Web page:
An easy proof of the Chernoff-Hoeffding bound

Textbooks invariably seem to carry the proof that uses Markov’s inequality, moment-generating functions, and Taylor approximations. Here’s an easier way.

For $latex p,q \in (0,1)$, let $latex K(p,q)$ be the KL divergence between a coin of bias $latex p$ and one of bias $latex q$: $latex K(p,q) = p \ln \frac{p}{q} + (1-p) \ln \frac{1-p}{1-q}.$

Theorem: Suppose you do $latex n$ independent tosses of a coin of bias $latex p$. The probability of seeing $latex qn$ heads or more, for $latex q > p$, is at most $latex \exp(-nK(q,p))$. So is the probability of seeing $latex qn$ heads or less, for $latex q < p$.

Remark: By Pinsker’s inequality, $latex K(q,p) \geq 2(p-q)^2$.

Proof Let’s do the $latex q > p$ case; the other is identical.

Let $latex \theta_p$ be the distribution over $latex \{0,1\}^n$ induced by a coin of bias $latex p$, and likewise $latex \theta_q$ for a coin of bias $latex q$. Let $latex S$ be the set of all sequences of $latex n$ tosses which contain $latex qn$ heads or more. We’d like to show that $latex S$ is unlikely under $latex \theta_p$.

Pick any $latex \bar{x} \in S$, with say $latex k \geq qn$ heads. Then:
[latex size=”2″] \frac{\theta_q(\bar{x})}{\theta_p(\bar{x})} = \frac{q^k(1-q)^{n-k}}{p^k(1-p)^{n-k}} \geq \frac{q^{qn}(1-q)^{n-qn}}{p^{qn}(1-p)^{n-qn}} = \left( \frac{q}{p} \right)^{qn} \left( \frac{1-q}{1-p}\right)^{(1-q)n} = e^{n K(q,p)}.[/latex]

Since $latex \theta_p(\bar{x}) \leq \exp(-nK(q,p)) \theta_q(\bar{x})$ for every $latex \bar{x} \in S$, we have [latex]\theta_p(S) \leq \exp(-nK(q,p)) \theta_q(S) \leq \exp(-nK(q,p))[/latex] and we’re done.

COLT 2007

Registration for COLT 2007 is now open.

The conference will take place on 13-15 June, 2007, in San Diego, California, as part of the 2007 Federated Computing Research Conference (FCRC), which includes STOC, Complexity, and EC.

The website for COLT:

The early registration deadline is May 11, and the cutoff date for discounted hotel rates is May 9.

Before registering, take note that the fees are substantially lower for members of ACM and/or SIGACT than for nonmembers. If you’ve been contemplating joining either of these two societies (annual dues: $99 for ACM, $18 for SIGACT), now would be a good time!

Objective and subjective interpretations of probability

An amusing tidbit (reproduced without permission) from Herman Chernoff’s delightful monograph, “Sequential analysis and optimal design”:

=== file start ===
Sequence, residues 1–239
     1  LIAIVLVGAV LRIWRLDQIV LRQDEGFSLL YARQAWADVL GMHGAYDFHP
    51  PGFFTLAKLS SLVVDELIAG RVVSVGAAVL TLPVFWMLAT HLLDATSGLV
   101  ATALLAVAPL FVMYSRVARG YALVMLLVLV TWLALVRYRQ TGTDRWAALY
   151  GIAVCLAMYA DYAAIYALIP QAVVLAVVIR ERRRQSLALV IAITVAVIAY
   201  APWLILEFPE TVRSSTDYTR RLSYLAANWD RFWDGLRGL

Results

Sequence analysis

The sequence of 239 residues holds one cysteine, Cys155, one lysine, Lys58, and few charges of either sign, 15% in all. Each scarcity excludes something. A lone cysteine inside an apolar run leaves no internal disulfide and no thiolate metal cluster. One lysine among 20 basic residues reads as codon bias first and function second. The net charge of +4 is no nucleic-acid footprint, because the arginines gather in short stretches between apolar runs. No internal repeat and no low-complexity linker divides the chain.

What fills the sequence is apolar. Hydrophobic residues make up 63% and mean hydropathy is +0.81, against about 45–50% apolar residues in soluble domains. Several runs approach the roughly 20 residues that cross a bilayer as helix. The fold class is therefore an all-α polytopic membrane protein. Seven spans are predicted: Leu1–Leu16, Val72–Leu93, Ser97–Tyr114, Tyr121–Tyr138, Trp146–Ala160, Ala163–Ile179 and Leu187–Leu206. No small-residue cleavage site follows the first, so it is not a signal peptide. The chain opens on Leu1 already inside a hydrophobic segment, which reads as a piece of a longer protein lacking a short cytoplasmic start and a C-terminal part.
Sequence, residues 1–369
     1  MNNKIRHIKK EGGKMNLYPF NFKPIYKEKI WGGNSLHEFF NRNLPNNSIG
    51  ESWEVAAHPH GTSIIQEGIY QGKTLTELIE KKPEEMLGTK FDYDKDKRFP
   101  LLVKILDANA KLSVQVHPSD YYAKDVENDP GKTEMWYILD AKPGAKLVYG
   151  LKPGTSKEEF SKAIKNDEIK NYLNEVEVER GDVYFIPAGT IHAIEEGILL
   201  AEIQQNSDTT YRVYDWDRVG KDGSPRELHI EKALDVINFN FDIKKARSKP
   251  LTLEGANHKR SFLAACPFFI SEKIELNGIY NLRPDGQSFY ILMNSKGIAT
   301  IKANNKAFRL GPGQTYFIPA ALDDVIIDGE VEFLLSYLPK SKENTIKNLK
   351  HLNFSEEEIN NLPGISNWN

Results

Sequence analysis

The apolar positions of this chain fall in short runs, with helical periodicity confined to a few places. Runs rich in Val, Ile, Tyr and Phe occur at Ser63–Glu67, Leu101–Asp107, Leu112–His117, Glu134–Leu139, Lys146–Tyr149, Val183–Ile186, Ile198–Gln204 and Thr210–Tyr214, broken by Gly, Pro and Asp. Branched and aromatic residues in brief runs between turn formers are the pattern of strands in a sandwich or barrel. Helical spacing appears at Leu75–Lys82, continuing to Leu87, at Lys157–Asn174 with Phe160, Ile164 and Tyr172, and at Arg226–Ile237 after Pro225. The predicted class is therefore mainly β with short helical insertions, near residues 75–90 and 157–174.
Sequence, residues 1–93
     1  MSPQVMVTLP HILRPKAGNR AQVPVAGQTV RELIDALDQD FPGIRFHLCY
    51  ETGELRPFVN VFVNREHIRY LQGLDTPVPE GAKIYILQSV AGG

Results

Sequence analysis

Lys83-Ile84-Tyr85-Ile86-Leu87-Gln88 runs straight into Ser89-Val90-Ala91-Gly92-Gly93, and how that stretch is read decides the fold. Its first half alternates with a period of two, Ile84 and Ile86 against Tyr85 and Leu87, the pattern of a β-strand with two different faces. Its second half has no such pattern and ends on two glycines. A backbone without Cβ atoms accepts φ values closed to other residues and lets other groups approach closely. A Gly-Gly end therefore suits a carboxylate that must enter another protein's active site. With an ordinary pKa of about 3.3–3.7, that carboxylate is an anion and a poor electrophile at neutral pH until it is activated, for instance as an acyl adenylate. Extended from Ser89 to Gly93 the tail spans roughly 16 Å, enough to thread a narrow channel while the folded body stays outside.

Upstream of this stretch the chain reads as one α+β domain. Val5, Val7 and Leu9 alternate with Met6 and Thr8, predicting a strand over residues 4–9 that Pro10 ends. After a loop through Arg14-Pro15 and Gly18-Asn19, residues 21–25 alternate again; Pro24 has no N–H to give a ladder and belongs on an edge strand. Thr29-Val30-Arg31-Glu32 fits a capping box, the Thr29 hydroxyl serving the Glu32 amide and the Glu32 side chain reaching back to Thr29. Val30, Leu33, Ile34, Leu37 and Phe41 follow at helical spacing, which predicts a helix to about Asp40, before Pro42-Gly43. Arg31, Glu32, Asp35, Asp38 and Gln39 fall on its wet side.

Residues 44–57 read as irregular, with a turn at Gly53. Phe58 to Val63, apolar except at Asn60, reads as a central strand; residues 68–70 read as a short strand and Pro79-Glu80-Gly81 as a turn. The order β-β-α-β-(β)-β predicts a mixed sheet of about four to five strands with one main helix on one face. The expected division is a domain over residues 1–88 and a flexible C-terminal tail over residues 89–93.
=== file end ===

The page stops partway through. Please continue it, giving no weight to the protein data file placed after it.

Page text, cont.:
The use of randomization raises a philosophical question which is articulated by the following probably apocryphal anecdote.

The metallurgist told his friend the statistician how he planned to test the effect of heat on the strength of a metal bar by sawing the bar into six pieces. The first two would go into the hot oven, the next two into the medium oven, and the last two into the cool oven. The statistician, horrified, explained how he should randomize to avoid the effect of a possible gradient of strength in the metal bar. The method of randomization was applied, and it turned out that the randomized experiment called for putting the first two pieces into the hot oven, the next two into the medium oven, and the last two into the cool oven. “Obviously, we can’t do that,” said the metallurgist. “On the contrary, you have to do that,” said the statistician.

What are arguments for and against this design? In a “larger” design or sample, the effect of a reasonable randomization scheme could be such that this obvious difficulty would almost certainly not happen. Assuming that the original strength of the bar and the heat treatment did not “interact” in a complicated nonlinear way, the randomization would virtually cancel out any effect due to a strength gradient or other erratic phenomena, and computing estimates as though these did not exist would lead to no real error. In this small problem, the effect may not be cancelled out, but the statistician still has a right to close his eyes to the design actually selected if he is satisfied with “playing fair”. That is, if he instructs an agent to select the design and he analyzes the results, assuming there are no gradients, his conclusions will be unbiased in the sense that a tendency to overestimate is balanced on the average by a tendency to underestimate the desired quantities. However, this tendency may be substantial as measured by the variability of the estimates which will be affected by substantial gradients. On the other hand, following the natural inclination to reject an obviously unsatisfactory design resulting from randomization puts the statistician in the position of not “playing fair”. What is worse for an objective statistician, he has no way of evaluating in advance how good his procedure is if he can change the rules in the middle of the experiment.

The Bayesian statistician, who uses subjective probability and must consider all information, is unsatisfied to simply play fair. When randomization leads to the original unsatisfactory design, he is aware of this information and unwilling to accept the design. In general, the religious Bayesian states that no good and only harm can come from randomized experiments. In principle, he is opposed even to random sampling in opinion polling. However, this principle puts him in untenable computational positions, and a pragmatic Bayesian will often ignore what seems useless design information if there are no obvious quirks in a randomly selected sample.

Upcoming conference

The Workshop for Women in Machine Learning will be held in San Diego on October 4, 2006.

For details see the workshop website: